In The Old Grapes pub in Manchester city centre, John Paul Hooper was drenched in sweat and had a tear in his eye "This is incredible," he said. "I have never seen anything like it." 10 minutes before, the 25-year-old Manchester United diehard could not bear to watch as his team stood a penalty kick away from a Champions League defeat.
Two Chelsea misses later, John Paul was being swept away in a sea of bodies as thousands of United fans kicked off a party that will go on for days in Manchester. "I'd honestly say this is better than when we won it in 1999, to beat an English team in the final makes it so special." He was one of thousands who had packed into Manchester's pubs and bars to watch their side attempt to win football's biggest prize for the third time. The party atmosphere had started earlier in the day as thousands of fans across the city centre filled the pubs hours before kick-off.
Decked in red and white, they seemed to have gathered outside almost every bar in the city, drinking beer and singing songs in the sunshine. The mood was one of expectancy. In The Old Grapes, in Little Quay Street, supporters were crammed inside. It was wall to wall United fans, only the bravest of Chelsea fans would dared have entered, but none did.
The fans were well oiled with lager and in good voice. Leading up to kick-off they had worked through a noisy repertoire of chants and songs. The biggest cheers were reserved for the appearance on screen of the manager, Sir Alex Ferguson, and for Paul Scholes, who missed the 1999 final through suspension.
As well as lauding their own players, United's fans also sang songs mocking rivals Liverpool and Leeds and the city of Manchester's newest enemy – Rangers. It was, after all, the Scottish side's own supporters who last week ran amok on the streets of Manchester in scenes which alarmed the council so much they cancelled plans to show last night's match on giant screens in the city centre. "If you all hate Rangers clap your hands," was the chant.
The atmosphere was intensified as the teams took to the pitch. Every touch from a United player was greeted with a cheer in Moscow and a song back here in Manchester. As expected, Chelsea players were booed every time they appeared on screen.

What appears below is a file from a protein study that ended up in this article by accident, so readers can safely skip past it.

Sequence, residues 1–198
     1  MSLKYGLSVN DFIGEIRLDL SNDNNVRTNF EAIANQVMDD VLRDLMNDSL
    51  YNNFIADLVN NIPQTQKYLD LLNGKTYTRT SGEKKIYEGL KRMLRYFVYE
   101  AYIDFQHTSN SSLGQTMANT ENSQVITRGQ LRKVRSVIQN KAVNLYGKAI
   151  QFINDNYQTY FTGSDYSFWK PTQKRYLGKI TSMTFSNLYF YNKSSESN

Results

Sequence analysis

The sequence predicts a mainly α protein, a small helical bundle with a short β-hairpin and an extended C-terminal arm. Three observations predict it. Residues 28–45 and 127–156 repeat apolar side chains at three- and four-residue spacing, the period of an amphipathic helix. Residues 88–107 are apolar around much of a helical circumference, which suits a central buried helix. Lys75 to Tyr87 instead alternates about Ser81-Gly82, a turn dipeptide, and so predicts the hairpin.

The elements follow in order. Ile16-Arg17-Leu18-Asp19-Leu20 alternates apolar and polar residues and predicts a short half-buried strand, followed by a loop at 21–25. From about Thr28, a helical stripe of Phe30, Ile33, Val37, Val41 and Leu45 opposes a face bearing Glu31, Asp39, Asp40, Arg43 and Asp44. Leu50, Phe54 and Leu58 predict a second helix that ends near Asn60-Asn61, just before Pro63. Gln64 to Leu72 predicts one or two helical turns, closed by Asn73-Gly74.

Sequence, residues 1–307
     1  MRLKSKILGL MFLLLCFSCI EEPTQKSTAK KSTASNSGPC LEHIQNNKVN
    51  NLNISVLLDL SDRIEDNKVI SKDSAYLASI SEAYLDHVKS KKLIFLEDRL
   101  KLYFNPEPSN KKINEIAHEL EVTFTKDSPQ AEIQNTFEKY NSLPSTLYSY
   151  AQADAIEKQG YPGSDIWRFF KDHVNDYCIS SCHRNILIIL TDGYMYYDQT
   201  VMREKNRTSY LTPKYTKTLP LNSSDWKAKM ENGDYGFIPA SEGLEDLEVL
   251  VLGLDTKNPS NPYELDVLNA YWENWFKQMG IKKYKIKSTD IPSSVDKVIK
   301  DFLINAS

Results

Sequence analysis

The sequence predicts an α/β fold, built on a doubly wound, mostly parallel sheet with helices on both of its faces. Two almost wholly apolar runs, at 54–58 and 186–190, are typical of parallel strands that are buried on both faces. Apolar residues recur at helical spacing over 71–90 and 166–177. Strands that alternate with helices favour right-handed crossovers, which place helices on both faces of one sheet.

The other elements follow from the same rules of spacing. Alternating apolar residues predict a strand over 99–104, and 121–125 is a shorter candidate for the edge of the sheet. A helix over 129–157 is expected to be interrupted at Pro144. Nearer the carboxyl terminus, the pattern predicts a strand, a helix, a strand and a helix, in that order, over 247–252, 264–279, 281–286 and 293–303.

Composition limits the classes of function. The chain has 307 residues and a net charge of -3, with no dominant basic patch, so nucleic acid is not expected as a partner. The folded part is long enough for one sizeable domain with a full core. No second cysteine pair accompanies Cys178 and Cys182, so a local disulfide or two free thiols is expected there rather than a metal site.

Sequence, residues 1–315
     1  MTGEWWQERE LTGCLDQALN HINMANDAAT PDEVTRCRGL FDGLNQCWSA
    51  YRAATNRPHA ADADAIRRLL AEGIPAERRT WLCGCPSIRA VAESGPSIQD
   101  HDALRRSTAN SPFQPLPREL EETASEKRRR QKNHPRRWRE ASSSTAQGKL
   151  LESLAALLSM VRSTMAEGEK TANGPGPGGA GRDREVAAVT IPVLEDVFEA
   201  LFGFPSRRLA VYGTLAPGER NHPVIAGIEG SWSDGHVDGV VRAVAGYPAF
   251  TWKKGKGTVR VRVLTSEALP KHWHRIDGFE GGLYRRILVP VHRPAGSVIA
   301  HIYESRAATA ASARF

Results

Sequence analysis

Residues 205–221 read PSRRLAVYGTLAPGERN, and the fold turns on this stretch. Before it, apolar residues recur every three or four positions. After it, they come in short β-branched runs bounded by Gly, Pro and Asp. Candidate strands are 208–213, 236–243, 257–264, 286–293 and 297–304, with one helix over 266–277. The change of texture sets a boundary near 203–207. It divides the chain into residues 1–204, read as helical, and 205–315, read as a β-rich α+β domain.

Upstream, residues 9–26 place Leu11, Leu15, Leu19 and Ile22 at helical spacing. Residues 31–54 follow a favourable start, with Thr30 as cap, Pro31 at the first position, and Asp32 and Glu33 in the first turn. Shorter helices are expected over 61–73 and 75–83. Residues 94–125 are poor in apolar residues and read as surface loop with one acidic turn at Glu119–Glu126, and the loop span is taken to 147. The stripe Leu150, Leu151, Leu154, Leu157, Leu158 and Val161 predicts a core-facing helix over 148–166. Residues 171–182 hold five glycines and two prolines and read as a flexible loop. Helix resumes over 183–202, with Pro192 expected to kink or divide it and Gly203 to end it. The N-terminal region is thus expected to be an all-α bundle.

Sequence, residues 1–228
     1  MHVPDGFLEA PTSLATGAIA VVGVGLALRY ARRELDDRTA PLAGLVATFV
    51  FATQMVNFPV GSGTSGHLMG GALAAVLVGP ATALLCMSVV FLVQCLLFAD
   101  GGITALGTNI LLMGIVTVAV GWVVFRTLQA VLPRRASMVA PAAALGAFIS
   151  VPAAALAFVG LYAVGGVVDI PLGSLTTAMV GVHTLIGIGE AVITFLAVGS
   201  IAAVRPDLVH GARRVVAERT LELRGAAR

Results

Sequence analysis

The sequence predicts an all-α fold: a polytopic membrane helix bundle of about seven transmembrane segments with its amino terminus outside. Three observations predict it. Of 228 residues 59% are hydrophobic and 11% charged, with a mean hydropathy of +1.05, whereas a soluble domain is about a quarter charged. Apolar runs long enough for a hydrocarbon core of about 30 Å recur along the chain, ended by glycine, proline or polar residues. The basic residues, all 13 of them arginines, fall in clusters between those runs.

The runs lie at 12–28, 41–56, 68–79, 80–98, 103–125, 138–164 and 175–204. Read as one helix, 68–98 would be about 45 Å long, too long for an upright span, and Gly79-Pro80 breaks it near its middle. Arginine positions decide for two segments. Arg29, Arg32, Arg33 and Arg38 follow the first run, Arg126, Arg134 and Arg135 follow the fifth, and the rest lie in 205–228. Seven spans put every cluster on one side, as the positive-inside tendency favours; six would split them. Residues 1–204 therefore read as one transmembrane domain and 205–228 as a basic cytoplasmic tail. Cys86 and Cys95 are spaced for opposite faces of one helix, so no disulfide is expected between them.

Five minutes into the game, however, with throngs of United supporters still rushing back from the bar, the first moment of worry for the fans in the Grapes came not on the pitch, but from behind the bar. With all eyes fixed firmly on the televisions, the screens here changed from football to horse racing after a member of staff accidentally switched channels.
Normal service was soon resumed on the screens and, just 26 minutes later, on the pitch too. Cristiano Ronaldo, United's Portuguese talisman, sent a header into the corner of the net and hundreds of fans in Moscow and Manchester into raptures. The Grapes erupted and the pub was seemingly raining beer as grown men hugged and cheered with complete strangers.
The singing continued in full voice until just before the break when the unthinkable happened and Chelsea equalised. Suddenly the room, which was rocking just minutes before, was now deadly silent. But the noise soon started up again, this time in the form of abuse directed at the Chelsea players celebrating on the screen in front of them.
With little from their own team to cheer about in the second half, the loudest roars went up when their striker, Didier Drogba, was sent off. Then the atmosphere turned tense as everyone inside the oak-panelled pub realised the game would be settled in football's cruellest fashion – on penalties. The celebration that greeted every successful United kick was replaced by silence as Chelsea players continually found the net. Until, that was, when Nicolas Anelka saw his kick parried by Edwin van der Sar and the party in Manchester could finally begin.
As tables and chairs were toppled and thrown around him, John Paul said: "Over the whole game I think it is fair to say we deserved to win. I do feel sorry for Chelsea as they did work hard and it's never nice to lose in a final, but in the end I think we wanted it more."
Just minutes after the final whistle the pub which had been wall-to-wall with United fans was empty.
While the fans lucky enough to have been at the game in Russia headed to Moscow's Red Square, those who stayed in Manchester headed for their own equivalent, Albert Square. "I think this party will go on for days," added John Paul. "I know it will for me anyway."
The final in numbers
42,000 The number of British fans of both teams who travelled to Moscow for the final.
7,000 Riot police on duty in the Russian capital for last night's match.
30 The number of gold medals distributed to the winning team.
72 The number of hours supporters with match tickets can stay in the country under its relaxed visa rules.
15m The number of viewers ITV expected to attract for its live coverage if the match.
69,000 The match capacity of Moscow's Luzhniki Stadium.
759 The number of appearances Ryan Giggs has made for Manchester United, as he beat Sir Bobby Charlton's club record last night.2-1The score when Chelsea defeated Manchester United in the Premiership at Stamford Bridge last month.
100 The number of Sky TV crew members broadcasting live coverage of the match.Reuse content